|Governorate||Ramallah and al-Bireh Governorate|
|• Total||9.7 km2 (3.7 sq mi)|
|Elevation||640 m (2,099.74 ft)|
|• Total||3,667 نسمة|
Kobar (Arabic: كوبر) is a Palestinian village in the Ramallah and al-Bireh Governorate in the northern West Bank, located 13 kilometers (8.1 mi) northwest of Ramallah. Kobar is bordered by Burham village to the east, Jibiya and Umm Safa lands to the north, Al Itihad to the west, and Al-Zaytouneh and Bir Zeit lands to the south.
Burqa is located at an altitude of 670 meters (2,200 ft) above sea level with a mean annual rainfall of 669.8 mm. The average annual temperature is 16 c and the average annual humidity is approximately 61% .
Since 1996, Kobar has been governed by a village council which is currently administrated by 11 members appointed by the Palestinian National Authority. There are two further employees working in the Council; the village council owns a permanent headquarters and is included within a Joint Services Council for neighboring localities.
It is the responsibility of the village council to provide a number of services to the residents of Kobar, including :
- Managing and maintaining the water network.
- Supplying an electricity network or generators.
- Solid waste collection, street cleaning and providing social development services
- Implementation of projects and case studies for the village.
- 1 History
- 2 Religious and Archaeological Sites
- 3 Population
- 4 Age Groups and Gender
- 5 Families
- 6 Education
- 7 Health Status
- 8 Economic Activities
- 9 Institutions and Services
- 10 Environmental Conditions
- 11 Proposed Projects
- 12 References
- 13 Edited by
Kobar can be translated literally as "the place where the gypsum was‟, as the village was renowned for its gypsum resources .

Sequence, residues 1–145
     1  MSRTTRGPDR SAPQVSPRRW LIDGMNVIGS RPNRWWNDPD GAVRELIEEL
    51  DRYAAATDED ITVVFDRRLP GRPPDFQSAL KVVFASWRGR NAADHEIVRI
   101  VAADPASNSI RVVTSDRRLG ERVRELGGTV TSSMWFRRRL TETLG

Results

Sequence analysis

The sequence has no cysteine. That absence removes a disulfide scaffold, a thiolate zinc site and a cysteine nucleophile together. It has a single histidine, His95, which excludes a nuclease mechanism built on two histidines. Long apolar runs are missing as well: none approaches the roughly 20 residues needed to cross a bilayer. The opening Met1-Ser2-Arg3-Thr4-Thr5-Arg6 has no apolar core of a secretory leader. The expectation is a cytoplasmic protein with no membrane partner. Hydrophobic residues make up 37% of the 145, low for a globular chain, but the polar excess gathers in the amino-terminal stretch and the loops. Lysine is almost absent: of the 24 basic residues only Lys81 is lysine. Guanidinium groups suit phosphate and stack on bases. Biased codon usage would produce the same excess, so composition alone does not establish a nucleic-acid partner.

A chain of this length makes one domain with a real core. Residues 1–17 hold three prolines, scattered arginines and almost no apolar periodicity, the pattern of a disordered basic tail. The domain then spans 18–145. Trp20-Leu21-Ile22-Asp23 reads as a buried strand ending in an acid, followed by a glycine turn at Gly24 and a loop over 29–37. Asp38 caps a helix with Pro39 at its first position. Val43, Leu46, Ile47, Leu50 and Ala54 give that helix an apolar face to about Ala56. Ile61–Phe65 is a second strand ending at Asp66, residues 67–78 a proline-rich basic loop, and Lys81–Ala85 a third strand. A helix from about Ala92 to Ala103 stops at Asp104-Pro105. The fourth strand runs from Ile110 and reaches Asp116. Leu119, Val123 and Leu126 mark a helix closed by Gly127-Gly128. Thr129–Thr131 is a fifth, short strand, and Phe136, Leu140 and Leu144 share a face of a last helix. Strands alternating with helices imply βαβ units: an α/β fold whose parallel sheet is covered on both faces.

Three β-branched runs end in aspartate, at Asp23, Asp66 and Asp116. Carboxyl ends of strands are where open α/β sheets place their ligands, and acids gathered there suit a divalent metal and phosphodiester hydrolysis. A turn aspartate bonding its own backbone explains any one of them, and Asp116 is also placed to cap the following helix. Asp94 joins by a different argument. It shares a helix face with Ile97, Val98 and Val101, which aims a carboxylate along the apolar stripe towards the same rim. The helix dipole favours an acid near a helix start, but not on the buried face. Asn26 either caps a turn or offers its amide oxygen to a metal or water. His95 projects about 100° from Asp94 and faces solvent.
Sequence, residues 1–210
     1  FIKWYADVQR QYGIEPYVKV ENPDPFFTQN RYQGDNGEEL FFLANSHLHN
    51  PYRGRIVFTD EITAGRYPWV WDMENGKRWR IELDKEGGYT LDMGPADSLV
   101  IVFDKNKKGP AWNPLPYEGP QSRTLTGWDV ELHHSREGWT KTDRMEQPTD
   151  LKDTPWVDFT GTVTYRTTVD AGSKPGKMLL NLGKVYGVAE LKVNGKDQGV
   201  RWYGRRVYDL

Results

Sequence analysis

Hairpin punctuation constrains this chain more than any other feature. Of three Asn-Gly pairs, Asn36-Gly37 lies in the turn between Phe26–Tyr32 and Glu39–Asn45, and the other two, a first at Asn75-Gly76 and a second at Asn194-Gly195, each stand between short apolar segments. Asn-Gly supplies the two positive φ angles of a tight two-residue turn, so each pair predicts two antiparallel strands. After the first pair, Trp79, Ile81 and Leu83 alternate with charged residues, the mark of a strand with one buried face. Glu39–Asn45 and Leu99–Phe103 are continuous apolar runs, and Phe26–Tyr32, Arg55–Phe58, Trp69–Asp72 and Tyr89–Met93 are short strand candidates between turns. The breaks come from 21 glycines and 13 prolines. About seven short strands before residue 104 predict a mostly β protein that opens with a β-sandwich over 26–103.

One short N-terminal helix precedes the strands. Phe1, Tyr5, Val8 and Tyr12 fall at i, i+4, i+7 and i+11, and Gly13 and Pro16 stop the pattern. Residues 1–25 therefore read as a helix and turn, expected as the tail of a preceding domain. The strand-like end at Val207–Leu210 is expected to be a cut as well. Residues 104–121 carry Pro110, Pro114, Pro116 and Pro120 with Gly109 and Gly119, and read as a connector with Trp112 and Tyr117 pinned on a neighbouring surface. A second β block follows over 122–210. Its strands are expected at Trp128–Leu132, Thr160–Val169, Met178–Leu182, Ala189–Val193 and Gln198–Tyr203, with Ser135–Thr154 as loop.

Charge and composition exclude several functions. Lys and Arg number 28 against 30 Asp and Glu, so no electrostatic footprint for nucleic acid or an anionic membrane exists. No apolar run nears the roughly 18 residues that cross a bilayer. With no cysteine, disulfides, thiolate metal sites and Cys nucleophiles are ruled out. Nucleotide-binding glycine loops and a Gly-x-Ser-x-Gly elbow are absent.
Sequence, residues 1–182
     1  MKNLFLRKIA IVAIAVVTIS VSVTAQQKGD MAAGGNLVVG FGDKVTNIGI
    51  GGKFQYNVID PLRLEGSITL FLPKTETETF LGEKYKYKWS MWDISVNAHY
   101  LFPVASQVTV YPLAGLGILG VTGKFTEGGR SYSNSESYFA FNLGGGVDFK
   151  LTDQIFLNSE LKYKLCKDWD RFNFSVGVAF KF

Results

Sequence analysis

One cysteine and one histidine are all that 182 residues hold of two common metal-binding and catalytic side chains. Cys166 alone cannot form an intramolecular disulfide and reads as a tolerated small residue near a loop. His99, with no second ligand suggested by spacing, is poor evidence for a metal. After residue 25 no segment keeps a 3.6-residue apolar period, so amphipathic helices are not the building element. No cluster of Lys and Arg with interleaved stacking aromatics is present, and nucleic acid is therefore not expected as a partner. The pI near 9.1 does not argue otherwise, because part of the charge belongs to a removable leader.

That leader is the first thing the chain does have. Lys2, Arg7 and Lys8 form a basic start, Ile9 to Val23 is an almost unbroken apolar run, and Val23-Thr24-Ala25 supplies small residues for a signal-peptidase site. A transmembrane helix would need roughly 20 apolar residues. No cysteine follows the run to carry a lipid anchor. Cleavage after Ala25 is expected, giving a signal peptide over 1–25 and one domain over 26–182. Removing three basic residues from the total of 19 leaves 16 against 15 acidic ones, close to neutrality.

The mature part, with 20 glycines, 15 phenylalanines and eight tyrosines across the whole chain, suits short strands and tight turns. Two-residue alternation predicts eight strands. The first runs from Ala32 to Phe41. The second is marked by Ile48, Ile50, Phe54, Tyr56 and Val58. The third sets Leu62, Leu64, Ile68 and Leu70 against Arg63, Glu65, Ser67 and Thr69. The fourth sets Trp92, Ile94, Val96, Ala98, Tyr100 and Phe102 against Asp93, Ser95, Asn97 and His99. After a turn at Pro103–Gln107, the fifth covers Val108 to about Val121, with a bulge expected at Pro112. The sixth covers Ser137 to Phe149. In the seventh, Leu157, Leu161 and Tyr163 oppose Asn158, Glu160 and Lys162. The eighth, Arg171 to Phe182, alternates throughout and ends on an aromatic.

The establishment of the village dates back to ancient times .
Religious and Archaeological Sites
There are four mosques in the village: Kobar New, Ash Shuhada', Abu Bakr as Siddiq and Al 'Atqiya' Mosques. There are several sites of archaeological interest, including Ad Dweir, Kafr Fidiya, Ash Sheikh Jameel shrine, Al Juwani Convent, Al Butool and the old city. None of these sites are used for tourism and all are in need of renovation and rehabilitation .
According to the Palestinian Central Bureau of Statistics (PCBS), the total population of Kobar in 2007 was 3,456, of whom 1,772 were male and 1,684 female. There were 668 households living in 707 housing units.
Age Groups and Gender
The General Census of Population and Housing carried out by PCBS in 2007 showed the distribution of age groups in Kobar was as follows: 39.1% were less than 15 years of age, 55.7% were between 15 and 64 years of age, and 5% were 65 years old or older. Data additionally showed that the sex ratio of males to females in the village is 105:100, meaning that males and females constituted 51.3% and 48.7% of the population respectively.
According to the results of the PCBS Population, Housing and Establishment Census-2007, the illiteracy rate among the Kobar population was approximately 6.5%, of whom 79.5% were females. Of the literate population, 12.5% could only read and write, with no formal education 20.9% had elementary education, 30.6% had preparatory education, 15.7% had secondary education, and 13.4% completed higher education. Table 1 shows the educational level in the village of Kobar by sex and educational attainment in 2007.